I have this button on my website:
< a href=“https://api.twitch.tv/kraken/oauth2/authorize?response_type=code
As you can see it is a login with twitch, it takes my clientID and redirect to that url after the login.
When I am on the twitch login page, on the top I can see the CliendID in the URL.
Is this correct or it is a lack of security?
If it is, how can I hide the ClientID?
If it is something public or not problematic to share, let me know.
Thanks for the help
Client ID’s are public, you don’t need to do anything to hide them.
Auth tokens, and client secrets, are private though and should never be exposed to any end user or to the public.
Actually, when the user logs in, twitch redirects to http://localhost:4200 and on the top I can see my url that looks like:
So, the end user actually see HIS oauth, but it’s good right? Since it is his oaught and I use it to know the info that he allowed me to see.
Or there is a way to hide this content when he gets back to http://localhost:4200?
That is the correct and only way that implicit auth works.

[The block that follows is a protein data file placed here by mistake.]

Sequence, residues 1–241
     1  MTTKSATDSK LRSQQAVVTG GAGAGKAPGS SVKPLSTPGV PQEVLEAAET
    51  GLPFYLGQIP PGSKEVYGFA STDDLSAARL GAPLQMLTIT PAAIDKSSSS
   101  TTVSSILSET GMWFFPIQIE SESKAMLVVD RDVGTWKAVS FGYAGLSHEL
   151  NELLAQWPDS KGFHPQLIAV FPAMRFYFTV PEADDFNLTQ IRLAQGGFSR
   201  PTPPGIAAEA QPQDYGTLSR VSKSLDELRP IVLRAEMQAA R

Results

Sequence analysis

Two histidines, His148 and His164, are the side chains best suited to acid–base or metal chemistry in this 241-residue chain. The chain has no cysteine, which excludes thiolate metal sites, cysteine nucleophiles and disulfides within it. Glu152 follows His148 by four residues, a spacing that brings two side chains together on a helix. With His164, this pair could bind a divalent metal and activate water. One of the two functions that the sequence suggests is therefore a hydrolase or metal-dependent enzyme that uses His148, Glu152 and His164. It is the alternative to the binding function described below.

User seeing their own oauth is fine, as it’s theirs. Additionally, an implicit auth usually has a shorter validity and no way to refresh it.
As Barry said, with the implicit flow that is intentional and because of the nature of that has drawbacks and limitations, such as no ability to refresh the token (meaning you have to get the user to go through the auth process each time the token expires), and a shorter expiration.
If you use the Authorization Code flow, rather than getting redirected and having the token in the querystring param, you have a code instead which your server can exchange for an access token (and only your server can do this as it requires your client secret which the end user should never know). This also has the advantage of giving you a refresh token so that if the token expires you can refresh it without user interaction.
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